Satellite Satellite

Low water closes Miss. river

Tuesday, July 31, 2012 - 11:13pm

A vital port in northern Louisiana is virtually shut down because of low water levels on the Mississippi. It couldn't have come at a worse time, as shippers from our state are poised to see record loads come down in a matter of days.
The super highway, is shut-down and that means big losses for everyone from midwest farmers, to Baton Rouge shippers, if it doesn't reopen soon.
"We have record crops, record prices, but we have to get them down the super highway, that is the river," said Mike Strain, commissioner of agriculture.
Strain said maintenance and dredging on the Mississippi River has been lagging in years past. He said lack of dredging and the midwest drought have stopped all barges from crossing past the Port of Lake Providence.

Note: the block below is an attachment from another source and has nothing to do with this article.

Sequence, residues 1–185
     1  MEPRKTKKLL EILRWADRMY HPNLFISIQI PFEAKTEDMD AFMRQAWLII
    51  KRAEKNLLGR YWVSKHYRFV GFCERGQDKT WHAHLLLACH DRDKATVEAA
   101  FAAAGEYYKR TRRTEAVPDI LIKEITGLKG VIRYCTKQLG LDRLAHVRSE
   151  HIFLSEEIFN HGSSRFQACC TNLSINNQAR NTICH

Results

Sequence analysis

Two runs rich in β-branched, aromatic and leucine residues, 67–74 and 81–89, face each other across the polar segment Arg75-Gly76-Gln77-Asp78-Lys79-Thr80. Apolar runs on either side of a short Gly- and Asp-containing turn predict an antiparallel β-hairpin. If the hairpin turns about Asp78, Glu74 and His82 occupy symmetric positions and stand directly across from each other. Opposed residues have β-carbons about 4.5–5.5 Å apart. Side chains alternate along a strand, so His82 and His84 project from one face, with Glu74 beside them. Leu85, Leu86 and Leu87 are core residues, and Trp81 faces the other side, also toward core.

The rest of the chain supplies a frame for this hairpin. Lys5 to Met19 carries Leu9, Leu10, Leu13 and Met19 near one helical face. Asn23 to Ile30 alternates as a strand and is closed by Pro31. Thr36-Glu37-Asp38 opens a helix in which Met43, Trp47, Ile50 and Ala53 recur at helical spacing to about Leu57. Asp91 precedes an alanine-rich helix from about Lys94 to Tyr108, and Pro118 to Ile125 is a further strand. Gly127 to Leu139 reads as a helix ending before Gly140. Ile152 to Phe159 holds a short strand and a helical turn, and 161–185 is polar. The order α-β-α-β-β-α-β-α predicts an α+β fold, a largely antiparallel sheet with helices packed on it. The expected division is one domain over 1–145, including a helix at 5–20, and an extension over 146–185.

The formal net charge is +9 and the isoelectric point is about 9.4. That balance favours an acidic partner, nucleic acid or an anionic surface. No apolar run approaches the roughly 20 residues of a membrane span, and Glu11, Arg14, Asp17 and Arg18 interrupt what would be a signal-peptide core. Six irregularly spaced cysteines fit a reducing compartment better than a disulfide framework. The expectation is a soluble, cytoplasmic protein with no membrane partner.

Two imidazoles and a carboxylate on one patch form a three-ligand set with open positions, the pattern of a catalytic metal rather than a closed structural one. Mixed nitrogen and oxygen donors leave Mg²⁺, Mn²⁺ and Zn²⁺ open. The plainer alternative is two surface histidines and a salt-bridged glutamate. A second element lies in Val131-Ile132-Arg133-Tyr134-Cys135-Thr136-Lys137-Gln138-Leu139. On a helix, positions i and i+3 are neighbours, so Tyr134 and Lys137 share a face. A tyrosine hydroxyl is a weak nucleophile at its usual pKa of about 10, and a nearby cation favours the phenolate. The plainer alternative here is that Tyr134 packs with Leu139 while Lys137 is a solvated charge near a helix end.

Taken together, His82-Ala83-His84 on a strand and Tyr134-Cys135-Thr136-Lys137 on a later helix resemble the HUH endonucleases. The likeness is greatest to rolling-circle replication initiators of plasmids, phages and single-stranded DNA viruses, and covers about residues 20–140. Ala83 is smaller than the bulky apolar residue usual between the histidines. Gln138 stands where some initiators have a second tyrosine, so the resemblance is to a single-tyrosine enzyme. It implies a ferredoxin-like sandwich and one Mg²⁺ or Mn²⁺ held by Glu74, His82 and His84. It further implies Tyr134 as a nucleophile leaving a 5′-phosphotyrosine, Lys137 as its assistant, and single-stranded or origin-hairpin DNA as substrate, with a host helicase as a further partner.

Strain said a quarter of a billion dollars worth of grain is potentially at risk of total loss.
Strain said all elected officials, from the governor to our U.S. Congressmen are lobbying to get emergency dredge work done to open up the river. Strain said it's the only feasible way to transport America's goods to the world market.
"One barge tow is the equivalent of 200 rail cars or 1,000 trucks," Strain said.
The commissioner said that high-powered dredging equipment is en route to where the river is closed at Lake Providence. He said dredging to open up the river should begin within the week.
 

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